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Hundreds of torch-bearing US white supremacists march ahead of far-right rally, attended by KKK Open in fullscreen

Charlie Hoyle

Hundreds of torch-bearing US white supremacists march ahead of far-right rally, attended by KKK

"Unite the Right" could mark one of the most significant white nationalist rallies in decades.[Getty]

Date of publication: 12 August, 2017

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Hundreds of torch-wielding white nationalists marched at the University of Virginia in Charlottesville on Friday evening as the town braces for a huge far-right rally.
Hundreds of torch-wielding white nationalists marched at the University of Virginia in Charlottesville on Friday evening as the town braces for a far-right rally billed as the largest gathering of its kind in years.

Thousands of people and dozens of far-right speakers are expected to arrive in Charlottesville, Virginia on Saturday to participate in the planned "Unite the Right" rally, which will include members of the Ku Klux Klan and a host of white supremacist ideologues, such as Richard Spencer.

The gathering could mark one of the most significant demonstrations of its kind in decades, according to the Southern Poverty Law Center, which monitors extremist groups.

Ahead of the rally, hundreds of white nationalists carrying torches marched at the University of Virginia late on Friday chanting: "You will not replace us" and "blood and soil."

The decision to use flaming torches appears to mimic the cross-burning imagery of the Ku Klux Klan.

The demonstrators, some of whom made Nazi salutes, also shouted "Jews will not replace us" and "white lives matter" as they marched towards a statue of Thomas Jefferson in the university grounds.

The protesters confronted and surrounded a small group of counter protesters, with at least one person arrested and mace fired into the crowd as police dispersed the demonstration.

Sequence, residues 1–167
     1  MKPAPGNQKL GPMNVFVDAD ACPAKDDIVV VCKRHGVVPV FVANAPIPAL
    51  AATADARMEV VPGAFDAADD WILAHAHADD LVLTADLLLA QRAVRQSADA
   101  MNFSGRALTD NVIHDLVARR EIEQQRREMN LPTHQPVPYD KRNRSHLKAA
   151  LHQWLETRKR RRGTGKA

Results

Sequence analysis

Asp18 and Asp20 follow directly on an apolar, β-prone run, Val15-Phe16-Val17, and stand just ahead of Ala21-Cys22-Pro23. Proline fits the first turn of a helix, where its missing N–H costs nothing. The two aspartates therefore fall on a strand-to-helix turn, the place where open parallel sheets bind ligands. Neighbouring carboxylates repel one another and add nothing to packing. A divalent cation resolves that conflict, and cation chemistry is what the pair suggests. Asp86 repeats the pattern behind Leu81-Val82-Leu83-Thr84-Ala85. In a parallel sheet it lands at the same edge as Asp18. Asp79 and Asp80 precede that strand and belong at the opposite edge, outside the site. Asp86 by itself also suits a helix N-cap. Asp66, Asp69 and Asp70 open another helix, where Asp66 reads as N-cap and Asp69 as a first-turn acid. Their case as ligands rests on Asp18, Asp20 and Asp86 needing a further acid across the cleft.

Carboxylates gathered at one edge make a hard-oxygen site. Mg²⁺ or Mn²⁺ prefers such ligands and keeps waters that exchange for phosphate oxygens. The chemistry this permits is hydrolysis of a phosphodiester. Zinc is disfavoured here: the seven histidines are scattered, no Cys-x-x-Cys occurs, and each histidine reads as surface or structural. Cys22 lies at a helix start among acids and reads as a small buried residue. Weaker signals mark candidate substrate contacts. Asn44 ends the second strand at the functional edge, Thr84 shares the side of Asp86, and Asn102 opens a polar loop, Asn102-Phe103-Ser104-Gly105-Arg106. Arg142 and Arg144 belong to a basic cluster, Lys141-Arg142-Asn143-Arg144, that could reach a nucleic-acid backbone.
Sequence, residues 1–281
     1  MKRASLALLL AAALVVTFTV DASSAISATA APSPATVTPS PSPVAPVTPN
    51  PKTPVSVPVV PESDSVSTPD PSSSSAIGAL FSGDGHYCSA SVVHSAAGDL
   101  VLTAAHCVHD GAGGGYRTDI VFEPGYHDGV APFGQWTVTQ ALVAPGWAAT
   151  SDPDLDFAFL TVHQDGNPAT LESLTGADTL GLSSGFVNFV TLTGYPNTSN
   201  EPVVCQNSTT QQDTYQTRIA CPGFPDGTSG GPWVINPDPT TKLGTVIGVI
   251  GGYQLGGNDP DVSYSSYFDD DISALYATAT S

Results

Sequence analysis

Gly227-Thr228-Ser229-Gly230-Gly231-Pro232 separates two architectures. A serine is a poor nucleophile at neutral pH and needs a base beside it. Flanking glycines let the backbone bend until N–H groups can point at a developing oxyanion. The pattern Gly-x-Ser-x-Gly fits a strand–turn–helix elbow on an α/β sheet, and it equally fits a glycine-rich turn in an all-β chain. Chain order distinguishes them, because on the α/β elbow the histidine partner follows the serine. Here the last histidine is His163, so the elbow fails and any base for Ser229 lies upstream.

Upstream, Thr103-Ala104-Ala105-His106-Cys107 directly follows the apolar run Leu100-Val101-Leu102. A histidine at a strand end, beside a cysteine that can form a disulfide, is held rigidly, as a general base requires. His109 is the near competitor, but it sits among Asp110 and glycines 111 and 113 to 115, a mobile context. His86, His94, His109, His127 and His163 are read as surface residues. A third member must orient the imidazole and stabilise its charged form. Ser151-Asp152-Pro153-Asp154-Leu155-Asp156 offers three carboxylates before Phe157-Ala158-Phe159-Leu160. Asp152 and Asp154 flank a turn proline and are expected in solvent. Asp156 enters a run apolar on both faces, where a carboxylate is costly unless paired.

Charlottesville’s mayor, Mike Signer, called it a "cowardly parade of hatred, bigotry, racism, and intolerance."

Legacy of slavery

Charlottesville is considered a liberal college town where the overwhelmingly majority voted for Hilary Clinton, but Virginia was once a key slave-owning state which implemented a rigid system of racial apartheid after the US Civil War.

Saturday's "Unite the Right" opposes a plan to remove a statue of Robert E. Lee, a Confederate general who led pro-slavery forces in the US civil war, from the town.

White nationalists are also angered at the decision to rename Lee Park, where the statue is located, to Emancipation Park.

The demonstrations highlight the persistent debate in the US South over the legacy of structural racism, with pro-slavery Civil War symbols, such as the Confederate flag, a key battleground.

Last month, dozens of Ku Klux Klan members gathered in Charlottesville to protest plans to remove the statue of Lee but were outnumbered by counter protesters. Rally organiser Jason Kessler, a far-right white supremacist blogger, said this week that Lee was a symbol for white people threatened by "ethnic cleansing."

The US National Guard has been put on alert because of the risk of violence during Saturday's rally, with mass counter demonstrators expected.

"The Charlottesville event could be a potentially historic showcase of hate, bringing together more extremists in one place than we have seen in at least a decade," the Anti-Defamation League said.

Although long present in US society, the white supremacist movement has been recently emboldened by Donald Trump's ascent to the White House, with his administration built around key figures in, or sympathetic to, the white nationalist movement.

Agencies contributed to this report.

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